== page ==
To the last |
To the top |
To the bottom |
ENGLISH TEXT BOOK |
chapter3 COMBINATIONAL LOGIC CIRCUIT
3.1SUMMARIZATION
In this section, examples are used to illustrate how to implement a logic circuit from a Boolean expression or a truth table. Minimization of a logic circuit using the methods covered in Chapter 4 is also a logic circuit.
From a Boolean Expression to a Logic Circuit
Let's examine the following Boolean expression
X = AB + CDE
A brief inspection shows that this expression is composed of two terms, AB and CDE, with a domain of five variables. The first term is formed by ANDing A with B , and the second term is formed by ANDing C, D, and E. The two terms are then ORed to form the output X. These operations are indicated in the structure of the expression as follows:
Note that in this particular expression, the AND operations forming the two individual terms, AB and CDE, must be performed before the terms can be ORed.
To implement this Boolean expression, a 2-input AND gate is required to form the term AB, and a 3-input AND gate is needed to form the term CDE. A 2-input OR gate is then required to combine the two AND terms.
As another example, let's implement the following expression:
X=AB(CD+EF)
A breakdown of this expression shows that the terms A, B, and CD+EFare ANDed. The term CD+EFis formed by first ANDing C andDand ANDing E and F, and then ORing these two terms. This structure is indicated in relation to the expression as follow:
Before the expression can be formed, you must have the termCD+EF; but before you can get this term , you must have the terms CDand EF; but before you can get the termCD, you must haveD. So, as you can see, the logic operations must be done in the proper order.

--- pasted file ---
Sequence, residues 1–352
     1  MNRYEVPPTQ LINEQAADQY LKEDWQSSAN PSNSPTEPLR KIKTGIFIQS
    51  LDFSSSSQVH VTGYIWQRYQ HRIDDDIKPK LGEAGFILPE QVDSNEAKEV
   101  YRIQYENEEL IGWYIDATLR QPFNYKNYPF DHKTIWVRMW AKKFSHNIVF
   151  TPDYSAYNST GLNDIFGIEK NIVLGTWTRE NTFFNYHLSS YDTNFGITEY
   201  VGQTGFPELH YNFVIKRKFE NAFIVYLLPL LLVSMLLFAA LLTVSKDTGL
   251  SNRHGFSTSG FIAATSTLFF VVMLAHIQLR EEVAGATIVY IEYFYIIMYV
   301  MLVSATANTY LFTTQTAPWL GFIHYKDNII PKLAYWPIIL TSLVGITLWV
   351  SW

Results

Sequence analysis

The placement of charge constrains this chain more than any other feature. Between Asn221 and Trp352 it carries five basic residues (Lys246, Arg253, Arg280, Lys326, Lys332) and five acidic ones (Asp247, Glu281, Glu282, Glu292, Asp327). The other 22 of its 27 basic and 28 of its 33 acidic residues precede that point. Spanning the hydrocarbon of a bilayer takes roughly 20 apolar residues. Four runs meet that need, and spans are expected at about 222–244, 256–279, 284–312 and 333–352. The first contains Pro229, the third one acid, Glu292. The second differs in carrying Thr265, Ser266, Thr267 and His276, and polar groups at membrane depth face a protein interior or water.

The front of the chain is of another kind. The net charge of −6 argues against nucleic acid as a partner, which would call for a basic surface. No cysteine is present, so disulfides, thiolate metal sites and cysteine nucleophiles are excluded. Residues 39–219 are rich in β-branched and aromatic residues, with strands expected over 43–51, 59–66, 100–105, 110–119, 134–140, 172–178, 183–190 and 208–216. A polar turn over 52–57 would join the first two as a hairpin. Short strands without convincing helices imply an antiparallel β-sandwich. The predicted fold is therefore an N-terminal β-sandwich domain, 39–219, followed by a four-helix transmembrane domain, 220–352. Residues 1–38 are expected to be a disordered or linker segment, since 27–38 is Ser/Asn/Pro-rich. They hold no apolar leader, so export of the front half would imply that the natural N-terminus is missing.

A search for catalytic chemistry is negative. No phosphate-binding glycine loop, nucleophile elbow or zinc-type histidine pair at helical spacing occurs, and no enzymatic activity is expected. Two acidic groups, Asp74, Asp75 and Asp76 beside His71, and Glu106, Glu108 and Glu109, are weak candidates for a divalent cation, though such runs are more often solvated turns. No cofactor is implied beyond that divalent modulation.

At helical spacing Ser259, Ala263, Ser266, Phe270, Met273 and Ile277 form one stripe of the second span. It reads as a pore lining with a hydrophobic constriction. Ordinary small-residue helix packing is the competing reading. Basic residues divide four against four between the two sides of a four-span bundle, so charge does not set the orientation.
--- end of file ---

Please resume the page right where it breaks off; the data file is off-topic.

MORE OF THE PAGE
The logic gates required to implementX=AB(CD+EF)
are as follows:
1.One inverter to form D
2.Two 2-input AND gates to form CD,and EF
3.One 2-input OR gate to formCD +EF
4.One 3-input AND gate to form X
The logic circuit for this expression is shown in Figure 3-1(a). Notice that there is a maximum of three gates and an inverter between an input and output in this circuit (from input D to output). Often the total propagation delay time through a logic circuit is a major consideration. Propagation delays are additive, so the more gates or inverters betweeninput and output, the greater the propagation delay time.
FIGURE 3-1Logic circuits for X=AB(CD+EF)=ABCXD+ABEF
(a)
.
Unless an intermediate term, such as CD+EFin Figure 3-1(a), is required as an output for some other purpose, it is usually best to reduce a circuit to its SOP form. The expression is converted to SOP as follows, and the resulting circuit is shown in Figure 3-1(b).
X=AB(CD+EF)=ABCD+ABEF
From a Truth Table to a Logic Circuit
If you begin with a truth table instead of an expression, you can write the SOP expression from the truth table and then implement the logic circuit. Table specifies a logic function.
The Boolean SOP expression obtained from the truth table by ORing the product terms for which X = 1 (the blue rows) is
X=ABC+AB C
The first term in the expression is formed by ANDing the three variables A, B, and C. The second term is formed by ANDing the three variablesA,B, and C.
The logic gates required to implement this expression are as follows: three invert-ers to form theA, B, and Cvariables; two 3-input AND gates to form the terms ABC and AB C; and one 2-input OR gate to form the final output function,.ABC+AB C
The implementation of this logic function is illustrated in Figure 3-3
FIGURE 3-3
Logic circuit forX = ABC+AB C
3.2ADDER AND COMPARATOR
3.2 .1The Full-Adder
As you saw , a single full-adder is capable of adding two 1-bit numbers and an input carry. To add binary numbers with more than one bit, additional full-adders must be used. When one binary number is added to another, each column generates a sum bit and a 1 or 0 carry bit to the next column to the left, as illustrated here with 2-bit numbers.